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General Washington's Christmas Farewell: A Mount Vernon Homecoming, 1783
One of America's greatest Christmas stories and also one of its very first -- from the period between the end of the Revolutionary War and the ratification of the Constitution -- was a creation of none other than George Washington. The story isn't just about Washington coming home for Christmas for the first time since the war began, but about the character of our most imp ...more
Paperback, 224 pages
Published June 25th 2007 by Free Press
(first published October 28th 2003)
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Jan 02, 2018 Rob rated it liked it · review of another edition
An interesting little book. Weintraub describes the time of September to December 1863 when Washington makes his sojourn from West Point, New York to his home in Mount Vernon on Christmas Eve. The book highlights the difficulties in travel and communication at his point in history. He describes the yielding of New York (never captured by the Americans) by the British. He also underlines the significance of Washington's conviction of returning to private life and not furthering ambitions for king ...more
This book portrays itself as a look into the human side of the events surrounding GEN Washington's trip home from a long and difficult war for independence, culminating in a Christmas Eve homecoming at his Mount Vernon plantation. For that reason only, I rate the book lower than five stars. Had it instead claimed to be an in-depth, historical account of Washington and the time, events, and persons surrounding him during his travels homeward in the winter of 1783, I might have expected the steady ...more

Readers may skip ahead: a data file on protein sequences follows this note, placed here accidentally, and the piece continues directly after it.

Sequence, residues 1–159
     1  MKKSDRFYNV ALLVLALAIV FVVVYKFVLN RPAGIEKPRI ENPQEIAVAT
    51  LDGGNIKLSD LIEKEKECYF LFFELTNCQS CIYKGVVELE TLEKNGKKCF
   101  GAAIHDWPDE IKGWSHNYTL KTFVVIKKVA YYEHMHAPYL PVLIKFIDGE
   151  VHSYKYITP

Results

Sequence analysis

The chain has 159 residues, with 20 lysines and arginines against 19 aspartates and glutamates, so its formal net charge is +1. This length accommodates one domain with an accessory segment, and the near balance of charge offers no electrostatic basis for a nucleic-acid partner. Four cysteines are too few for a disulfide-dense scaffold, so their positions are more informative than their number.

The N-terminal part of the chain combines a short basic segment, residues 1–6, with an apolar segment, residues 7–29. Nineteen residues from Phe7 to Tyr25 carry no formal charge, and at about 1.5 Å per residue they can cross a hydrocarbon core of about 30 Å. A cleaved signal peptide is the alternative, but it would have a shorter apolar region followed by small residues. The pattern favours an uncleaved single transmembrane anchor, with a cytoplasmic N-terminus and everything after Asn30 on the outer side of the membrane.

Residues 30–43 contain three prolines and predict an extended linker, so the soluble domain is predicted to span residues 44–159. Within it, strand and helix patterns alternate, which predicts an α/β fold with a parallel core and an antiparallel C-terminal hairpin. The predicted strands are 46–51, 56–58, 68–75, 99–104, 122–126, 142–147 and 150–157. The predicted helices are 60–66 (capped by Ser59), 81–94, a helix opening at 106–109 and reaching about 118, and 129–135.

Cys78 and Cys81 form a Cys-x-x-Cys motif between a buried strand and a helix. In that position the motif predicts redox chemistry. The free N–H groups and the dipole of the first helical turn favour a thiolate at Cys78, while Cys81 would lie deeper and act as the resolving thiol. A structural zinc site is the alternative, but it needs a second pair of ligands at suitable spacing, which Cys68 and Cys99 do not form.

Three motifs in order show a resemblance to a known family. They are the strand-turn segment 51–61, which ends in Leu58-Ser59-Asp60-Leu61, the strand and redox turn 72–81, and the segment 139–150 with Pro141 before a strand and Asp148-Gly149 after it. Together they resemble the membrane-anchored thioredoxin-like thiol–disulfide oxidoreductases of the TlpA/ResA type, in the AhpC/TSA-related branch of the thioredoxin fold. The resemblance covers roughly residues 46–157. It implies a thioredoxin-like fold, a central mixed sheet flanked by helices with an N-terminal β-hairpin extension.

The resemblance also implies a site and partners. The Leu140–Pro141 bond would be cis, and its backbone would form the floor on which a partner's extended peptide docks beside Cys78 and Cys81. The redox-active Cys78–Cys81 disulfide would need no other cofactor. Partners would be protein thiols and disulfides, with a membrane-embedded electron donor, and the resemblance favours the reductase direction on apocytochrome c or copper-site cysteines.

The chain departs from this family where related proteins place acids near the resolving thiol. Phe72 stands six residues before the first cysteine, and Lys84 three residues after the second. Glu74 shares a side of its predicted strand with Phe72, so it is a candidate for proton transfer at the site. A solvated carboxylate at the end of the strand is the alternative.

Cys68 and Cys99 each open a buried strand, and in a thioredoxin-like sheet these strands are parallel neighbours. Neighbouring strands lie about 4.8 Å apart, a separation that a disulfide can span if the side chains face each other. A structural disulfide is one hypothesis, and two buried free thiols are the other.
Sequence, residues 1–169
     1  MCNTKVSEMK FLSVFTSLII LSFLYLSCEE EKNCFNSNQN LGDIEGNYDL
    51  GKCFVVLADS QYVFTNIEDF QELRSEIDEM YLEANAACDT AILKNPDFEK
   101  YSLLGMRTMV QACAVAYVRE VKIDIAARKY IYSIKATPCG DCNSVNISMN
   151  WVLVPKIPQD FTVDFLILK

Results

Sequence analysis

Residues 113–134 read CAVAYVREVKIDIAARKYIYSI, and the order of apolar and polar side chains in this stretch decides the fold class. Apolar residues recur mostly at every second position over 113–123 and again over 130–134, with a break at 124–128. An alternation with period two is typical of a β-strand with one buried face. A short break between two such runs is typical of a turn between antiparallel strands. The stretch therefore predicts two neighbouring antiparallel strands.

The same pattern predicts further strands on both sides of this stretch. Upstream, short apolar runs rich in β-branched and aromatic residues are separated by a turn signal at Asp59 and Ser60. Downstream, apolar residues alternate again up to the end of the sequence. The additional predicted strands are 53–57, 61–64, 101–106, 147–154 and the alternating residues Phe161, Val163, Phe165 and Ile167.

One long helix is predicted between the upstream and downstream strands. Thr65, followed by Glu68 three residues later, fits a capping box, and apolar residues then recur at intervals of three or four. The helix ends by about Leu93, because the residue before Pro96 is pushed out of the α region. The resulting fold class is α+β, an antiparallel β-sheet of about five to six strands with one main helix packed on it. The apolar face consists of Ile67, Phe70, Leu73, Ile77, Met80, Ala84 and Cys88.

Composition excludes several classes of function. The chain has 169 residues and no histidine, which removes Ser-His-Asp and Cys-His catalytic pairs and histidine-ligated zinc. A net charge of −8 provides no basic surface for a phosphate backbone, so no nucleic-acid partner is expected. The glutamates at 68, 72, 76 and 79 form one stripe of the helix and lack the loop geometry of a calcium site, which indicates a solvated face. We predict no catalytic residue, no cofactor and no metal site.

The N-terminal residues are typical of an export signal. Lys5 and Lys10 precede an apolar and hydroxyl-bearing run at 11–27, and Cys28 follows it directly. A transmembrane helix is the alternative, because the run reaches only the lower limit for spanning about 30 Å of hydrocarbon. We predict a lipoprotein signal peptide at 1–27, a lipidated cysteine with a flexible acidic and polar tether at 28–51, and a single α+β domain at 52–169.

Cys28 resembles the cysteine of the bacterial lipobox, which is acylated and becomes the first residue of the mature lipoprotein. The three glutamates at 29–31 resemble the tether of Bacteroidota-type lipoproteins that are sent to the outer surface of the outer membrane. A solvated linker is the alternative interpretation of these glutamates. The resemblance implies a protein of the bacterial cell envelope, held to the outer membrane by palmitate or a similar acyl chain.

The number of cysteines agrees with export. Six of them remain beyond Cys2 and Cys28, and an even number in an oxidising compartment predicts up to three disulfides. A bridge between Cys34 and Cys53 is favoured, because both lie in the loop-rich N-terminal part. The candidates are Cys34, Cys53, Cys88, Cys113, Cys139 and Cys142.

My dad recommended this book a while ago and he doesn't finish reading anything he doesn't find interesting so I added it to my list. I found it informative and I certainly learned a lot about the Revolution (especially the period between Yorktown and the finalization of the Treaty of Paris, two years about which I knew nothing). That said, the writing was a tad dry. Weintraub tried to intersperse the narrative of Washington's journey with character sketches and anecdotes about wartime occurrenc ...more
After eight years in battle with only one opportunity to see his wife at home, Washington is ready to be home at Mount Vernon by Christmas 1783. Unfortunately, he has about three hundred miles to travel first, and just about everyone in the new country wants to make a speech of thanks while he is nearby. If you're looking for a general book on Washington, this doesn't give enough of an overview of his life (as His Excellency by Joseph Ellis does), but it provides some interesting detail that a b ...more
A great read of George Washington's farewell to his military life. After the British surrender and signing of the Treaty of Paris, Washington began to travel from New York to his estate of Mount Vernon in Virginia. Along the journey, he gave various farewell addresses and goodbyes to his officers, congress and various communities. This great book highlights this and much more.
Cincinnatus, the reoccupation of New York, hero worship, and domestic yearnings. Not for those who don't know what came before and what came after, or for those who place narrative above documentary evidence. But a nice glimpse at a particular moment -- and one of the most unique gestures in the history of power.
Weintraub was born in Philadelphia, Pennsylvania, on April 17, 1929. He was the eldest child of Benjamin and Ray Segal Weintraub. He attended South Philadelphia High School, and then he attended West Chester State Teachers College (now West Chester University of Pennsylvania) where he received his B.S. in education in 1949. He continued his education at Temple University where he received his mast ...moreMore about Stanley Weintraub...